Post-pandemic, certain smart building tech solutions can give landlords an attractive and unprecedented tool to attract tenants, particularly in the new world of hybrid working.
In his recent Propmodo article De-Densification and the New Metrics of the Office, Antony Slumbers advances the idea that offices, if properly configured, can achieve new relevance and purpose in the hybrid-working world as hubs of measurable productivity. Employees will have their home offices, with all the attendant benefits, such as work-hour flexibility and the lack of commute – but the office can be more than a cumbersome like-for-like substitute, or a periodic meeting place.
If landlords can prove that their buildings are quantifiably better for productivity than the home office, then companies have a compelling reason to continue and renew their leases.
“No business actually wants an office,” Slumbers writes. “What they want is the best outcome for the office. What they want is a productive workforce. They want a creative workforce. They want a happy and healthy workforce.
“...So what if you made improving the productivity of people the core value proposition within the office? What if we stopped thinking about space, and started thinking about improving the productivity of people?”
It is possible, with the right solution, to make the office such an incubator.
What makes people productive?
The answer is simpler than we might think. According to Metrikus – our partner in providing Smart, our building occupancy and air quality tracking system – lower CO2 levels make for more productive humans. Citing research from the UK, they point out that high levels of CO2 cause a 23% impairment in decision making, and an 11% reduction in productivity.
Slumbers echoes this research: “Because we know if a space is too hot or too cold, or has carbon dioxide levels that are too high, or is too noisy, or has poor lighting, or is too humid, or not humid enough, the effect will be that the occupiers of that space will have their cognitive functions impaired.
“Get these environmental factors right and we know we can help enable people to be as productive as they are capable of being.”
Our Smart solution enables you to do this very thing. Using Smart, you can track lobby traffic, building occupancy, air quality and more – across tenancies, common areas, elevators, buildings, and even your entire portfolio. Even better, all of this tracking data is fed to you in real time. This real-time data helps you to improve the health and wellbeing – and thus the productivity – of your tenants.
Smart works using small, non-invasive sensors that are placed at regular intervals throughout your buildings. The sensors capture data and send it to your dashboards on a minute-by-minute basis – and from there, if you decide, you can filter that data to your tenants.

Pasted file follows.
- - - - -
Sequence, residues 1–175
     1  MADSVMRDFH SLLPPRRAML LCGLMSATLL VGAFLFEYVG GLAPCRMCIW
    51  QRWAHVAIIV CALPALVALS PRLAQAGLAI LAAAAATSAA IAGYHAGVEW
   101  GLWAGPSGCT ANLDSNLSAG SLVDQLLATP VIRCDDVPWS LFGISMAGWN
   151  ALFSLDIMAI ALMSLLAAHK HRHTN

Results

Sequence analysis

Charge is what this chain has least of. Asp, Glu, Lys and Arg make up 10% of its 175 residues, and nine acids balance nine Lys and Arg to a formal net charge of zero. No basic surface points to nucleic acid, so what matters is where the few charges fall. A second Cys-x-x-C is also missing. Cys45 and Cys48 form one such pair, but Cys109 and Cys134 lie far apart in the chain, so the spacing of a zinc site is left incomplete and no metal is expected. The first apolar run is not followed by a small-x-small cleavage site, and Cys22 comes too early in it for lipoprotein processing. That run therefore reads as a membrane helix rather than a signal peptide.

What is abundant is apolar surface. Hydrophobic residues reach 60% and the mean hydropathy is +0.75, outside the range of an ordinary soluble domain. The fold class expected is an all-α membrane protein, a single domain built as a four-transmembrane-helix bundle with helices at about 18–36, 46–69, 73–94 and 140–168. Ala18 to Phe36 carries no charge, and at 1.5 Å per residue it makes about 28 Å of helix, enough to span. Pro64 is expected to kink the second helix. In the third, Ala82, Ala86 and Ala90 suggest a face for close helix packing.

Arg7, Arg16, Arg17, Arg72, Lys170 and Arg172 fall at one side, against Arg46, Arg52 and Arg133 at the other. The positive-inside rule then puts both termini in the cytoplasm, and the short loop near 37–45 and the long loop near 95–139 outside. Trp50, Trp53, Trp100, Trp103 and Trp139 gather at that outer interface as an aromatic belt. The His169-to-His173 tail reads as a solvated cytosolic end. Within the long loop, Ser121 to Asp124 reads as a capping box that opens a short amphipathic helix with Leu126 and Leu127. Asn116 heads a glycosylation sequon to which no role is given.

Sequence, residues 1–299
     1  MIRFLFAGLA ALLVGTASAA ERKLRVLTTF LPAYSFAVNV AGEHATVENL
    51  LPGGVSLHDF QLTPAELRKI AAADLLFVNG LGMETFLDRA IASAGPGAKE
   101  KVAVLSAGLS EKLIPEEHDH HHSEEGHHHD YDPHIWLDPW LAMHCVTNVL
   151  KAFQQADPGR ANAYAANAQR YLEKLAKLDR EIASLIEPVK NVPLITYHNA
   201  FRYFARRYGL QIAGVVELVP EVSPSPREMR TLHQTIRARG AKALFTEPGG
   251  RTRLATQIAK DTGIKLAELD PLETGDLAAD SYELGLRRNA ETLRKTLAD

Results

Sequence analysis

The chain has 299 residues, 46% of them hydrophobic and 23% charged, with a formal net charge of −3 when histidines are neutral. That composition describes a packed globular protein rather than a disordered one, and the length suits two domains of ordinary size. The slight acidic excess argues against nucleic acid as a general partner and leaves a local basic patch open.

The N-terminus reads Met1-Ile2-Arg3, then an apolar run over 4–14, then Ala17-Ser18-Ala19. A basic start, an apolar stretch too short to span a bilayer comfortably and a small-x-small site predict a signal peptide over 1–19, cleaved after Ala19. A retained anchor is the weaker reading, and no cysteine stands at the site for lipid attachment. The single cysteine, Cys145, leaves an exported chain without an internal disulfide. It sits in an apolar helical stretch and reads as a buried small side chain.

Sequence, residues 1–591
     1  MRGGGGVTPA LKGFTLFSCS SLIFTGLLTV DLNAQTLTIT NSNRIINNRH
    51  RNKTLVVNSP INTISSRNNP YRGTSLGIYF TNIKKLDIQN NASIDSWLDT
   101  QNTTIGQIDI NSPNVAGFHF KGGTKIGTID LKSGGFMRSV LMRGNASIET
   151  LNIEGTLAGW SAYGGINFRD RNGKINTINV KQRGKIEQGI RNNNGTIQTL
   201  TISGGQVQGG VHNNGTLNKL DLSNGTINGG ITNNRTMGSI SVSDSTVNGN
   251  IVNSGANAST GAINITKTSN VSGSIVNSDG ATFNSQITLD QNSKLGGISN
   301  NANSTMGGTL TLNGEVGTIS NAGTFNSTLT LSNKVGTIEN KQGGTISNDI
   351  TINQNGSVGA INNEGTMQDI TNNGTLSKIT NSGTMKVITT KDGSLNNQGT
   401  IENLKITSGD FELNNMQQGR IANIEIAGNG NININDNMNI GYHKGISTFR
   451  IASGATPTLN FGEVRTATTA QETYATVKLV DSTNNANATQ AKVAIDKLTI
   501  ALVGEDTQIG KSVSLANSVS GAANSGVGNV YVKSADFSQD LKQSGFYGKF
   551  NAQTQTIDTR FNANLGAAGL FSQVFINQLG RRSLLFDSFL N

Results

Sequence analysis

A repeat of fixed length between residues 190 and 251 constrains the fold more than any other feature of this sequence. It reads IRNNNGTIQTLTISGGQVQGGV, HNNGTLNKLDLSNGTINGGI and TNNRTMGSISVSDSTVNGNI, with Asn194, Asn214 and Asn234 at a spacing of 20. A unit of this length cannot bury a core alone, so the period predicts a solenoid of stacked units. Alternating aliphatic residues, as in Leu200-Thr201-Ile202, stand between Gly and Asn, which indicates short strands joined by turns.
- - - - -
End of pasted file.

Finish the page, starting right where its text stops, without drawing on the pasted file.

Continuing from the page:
Quantifiable data is within your grasp. And once you have it, you can easily couple it with qualitative feedback – such as company satisfaction surveys – to demonstrate clear value to hybrid-geared tenants.
What about space?
Being able to demonstrate the causal link between air quality and productivity is one benefit of a smart building solution – another, which is of urgent interest to tenants, is space. “Across the workplace,” Slumbers writes, “also at a very granular level, we need to know: What space is being used, at what time, by what teams in what location? What is the space to desk ratio?”
Smart also helps with this. You can see, in real time, how your building and offices are being occupied: What your tenant densities are, where the high-traffic points are, and more. This is an attractive value proposition to tenants: We can keep you safe and socially distanced, show you the usage habits of your employees over time, and cross-reference this data with other metrics to give you a better picture of office wellbeing and productivity.
Take JP Morgan Chase, who has just announced it will significantly reduce its office footprint in the coming years. As reported by Biznow, CEO Jamie Dimon said the firm will "quickly move to a more open seating arrangement, in which digital tools will help manage seating arrangements, as well as needed amenities, such as conference room space." JP Morgan Chase sees the value in solutions which track and manage space, and it is very likely its move will influence many other companies in the near future.
Still not convinced? Consider the words of Harvard Professor John Macomber (via Slumbers): “Healthier buildings will be able to show their value to occupants in a very empirical way… people are tuned in now so I wouldn’t be surprised if they started to ask for data around air exchange, volatile compounds and CO2 in the air, and an average number of sick days from their buildings.”